Julian Lennon, John Lennon’s oldest son and the original inspiration for the Beatles song “Hey Jude,” writes tree-hugging, earth-loving children’s books when he’s not performing for live audiences.
Lennon concluded his world-peace-focused children’s book trilogy on April 22nd with the publication of Love the Earth. Before the third installment hit the shelves, Heal the Earthand Touch the Earth had already graced The New York Times‘ bestseller list. The White Flier Advent trilogy details the adventures of children who travel the globe in an airplane called the White Feather Flier, delivering supplies and aid to people and animals in need. The books are co-authored by Bart Davis and illustrated by Smiljana Coh.
Lennon might be known in the public sphere for his problematic relationship with his father, who divorced Lennon’s mother when he was a child, but the core of his work lies in supporting global access to education and the conservation of natural resources and ecosystems. In 2007, Lennon created The White Feather Foundation, an environmental and humanitarian charity — in fact, much of the proceeds from The White Flier Advent trilogy and Lennon’s other projects go straight to the charity. Lennon has said multiple times that the name of the charity, and the trilogy, came from his father, who often said that should he pass away, he would send Julian a message from the afterlife in the form of a white feather.
The White Feather Foundation collaborates with similar humanitarian groups to raise funds for specific community projects or environmental initiatives. A recent news item on the group’s website highlights an independent film on disability education to which Lennon contributed music and lyrics, and which The White Feather Foundation promotes.
Lennon does not expect a children’s trilogy or an ever-expanding charity to retroactively resolve the effects of a toxic relationship with an absent father, but he does hope his work can shine a light into the darkness for future generations, readers, and listeners. His vision of a perfect world is not one where larger-than-life musicians return from the dead to forgive their loyal sons, but one where people of all backgrounds understand how to work together, help each other, and fight for their home planet.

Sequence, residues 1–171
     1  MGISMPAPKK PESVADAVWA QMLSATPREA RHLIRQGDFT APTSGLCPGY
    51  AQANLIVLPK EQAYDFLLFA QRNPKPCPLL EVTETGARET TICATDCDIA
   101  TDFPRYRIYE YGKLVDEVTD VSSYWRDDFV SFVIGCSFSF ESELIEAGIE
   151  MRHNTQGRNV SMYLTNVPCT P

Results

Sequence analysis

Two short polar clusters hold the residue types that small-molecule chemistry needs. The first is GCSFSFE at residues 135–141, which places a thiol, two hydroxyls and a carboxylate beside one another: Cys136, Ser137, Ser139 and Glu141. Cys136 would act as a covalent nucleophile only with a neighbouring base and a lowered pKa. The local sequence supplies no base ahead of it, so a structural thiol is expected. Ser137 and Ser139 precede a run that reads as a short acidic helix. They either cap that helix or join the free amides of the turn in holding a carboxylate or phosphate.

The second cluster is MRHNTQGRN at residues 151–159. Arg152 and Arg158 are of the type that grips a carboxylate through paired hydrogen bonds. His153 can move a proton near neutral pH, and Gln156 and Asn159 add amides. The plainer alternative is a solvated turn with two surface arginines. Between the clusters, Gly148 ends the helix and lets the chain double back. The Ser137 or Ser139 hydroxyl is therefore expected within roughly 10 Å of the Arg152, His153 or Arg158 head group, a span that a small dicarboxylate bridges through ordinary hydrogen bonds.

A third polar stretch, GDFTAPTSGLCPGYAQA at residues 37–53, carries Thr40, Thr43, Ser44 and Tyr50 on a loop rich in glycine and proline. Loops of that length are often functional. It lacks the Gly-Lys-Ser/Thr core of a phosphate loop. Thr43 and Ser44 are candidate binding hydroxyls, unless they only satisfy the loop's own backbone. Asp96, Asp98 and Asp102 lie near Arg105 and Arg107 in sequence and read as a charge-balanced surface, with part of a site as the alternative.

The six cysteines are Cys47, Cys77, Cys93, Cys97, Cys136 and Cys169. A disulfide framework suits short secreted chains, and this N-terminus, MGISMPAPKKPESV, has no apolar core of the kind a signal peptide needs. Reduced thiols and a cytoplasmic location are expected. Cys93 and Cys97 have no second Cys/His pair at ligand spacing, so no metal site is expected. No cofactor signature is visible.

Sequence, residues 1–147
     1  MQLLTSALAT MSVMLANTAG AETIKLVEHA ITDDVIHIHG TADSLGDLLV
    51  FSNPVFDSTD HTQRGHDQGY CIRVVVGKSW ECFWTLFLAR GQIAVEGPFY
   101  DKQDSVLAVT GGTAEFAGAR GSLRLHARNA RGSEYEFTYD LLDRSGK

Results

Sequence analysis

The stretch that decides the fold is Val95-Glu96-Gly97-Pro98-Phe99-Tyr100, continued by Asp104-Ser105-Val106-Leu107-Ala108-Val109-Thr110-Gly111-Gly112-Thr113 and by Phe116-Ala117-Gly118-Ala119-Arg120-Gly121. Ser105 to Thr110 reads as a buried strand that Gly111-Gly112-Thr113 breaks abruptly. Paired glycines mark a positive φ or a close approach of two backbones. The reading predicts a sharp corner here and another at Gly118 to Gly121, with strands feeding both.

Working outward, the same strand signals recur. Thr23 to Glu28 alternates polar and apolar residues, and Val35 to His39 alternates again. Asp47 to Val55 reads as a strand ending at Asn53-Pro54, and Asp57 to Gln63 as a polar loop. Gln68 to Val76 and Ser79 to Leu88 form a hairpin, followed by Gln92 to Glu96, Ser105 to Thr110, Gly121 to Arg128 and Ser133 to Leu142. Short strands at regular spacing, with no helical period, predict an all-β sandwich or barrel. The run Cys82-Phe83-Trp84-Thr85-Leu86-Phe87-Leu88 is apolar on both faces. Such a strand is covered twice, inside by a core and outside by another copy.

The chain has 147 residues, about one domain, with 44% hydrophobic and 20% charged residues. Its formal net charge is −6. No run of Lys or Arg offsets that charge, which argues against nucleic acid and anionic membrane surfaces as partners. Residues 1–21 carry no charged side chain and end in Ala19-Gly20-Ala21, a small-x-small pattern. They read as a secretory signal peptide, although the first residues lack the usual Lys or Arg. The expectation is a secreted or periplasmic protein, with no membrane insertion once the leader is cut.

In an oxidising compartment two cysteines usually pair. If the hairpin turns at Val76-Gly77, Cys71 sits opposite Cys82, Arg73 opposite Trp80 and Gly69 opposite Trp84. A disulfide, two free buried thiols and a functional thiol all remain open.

Coming April 23rd is singer and songwriter Devendra Banhart’s third book, and according to Pitchfork , this time it’s a collection of poetry. Entitled Weeping Gang Bliss Void Yab-Yum, it’s sure to be something to feast your eyes on.
After all, his last two books, both collaborations with Adam Tullie, I Left My Noodle on Ramen Street and Unburdened by Meaning, sounded just as crazy, and they don’t disappoint. Trust me, I’ve seen some crazy things. Much like In His Own Write by John Lennon. He also was a singer and songwriter and – is this the second of third comparison to Devandra? – also wrote a book while touring. Published in 1964 while still in The Beatles, Lennon made the reader work to understand this Lewis Caroll-esque book filled with bizarre imagery, creative misspellings, and many meanings. He later released A Spaniard in the Works, which is also a pun.
But those two aren’t the only musicians who turned their songwriting abilities to old fashion writing. So come hither children and let me knowledge you on five more musicians who wrote books (in no particular order).
Back in 1993, the English rock band Sleeper were formed and two years later debuted with their studio album Smart. Their second album, The It Girl, was released in 1996 and earned the praise of music critic Jack Rabid from AllMusic who wrote:
“…though nothing is quite the total knockout of Smart’s Inbetweener, The It Girl is more consistently accomplished, with a broader palette of influences…and every song makes you feel something.”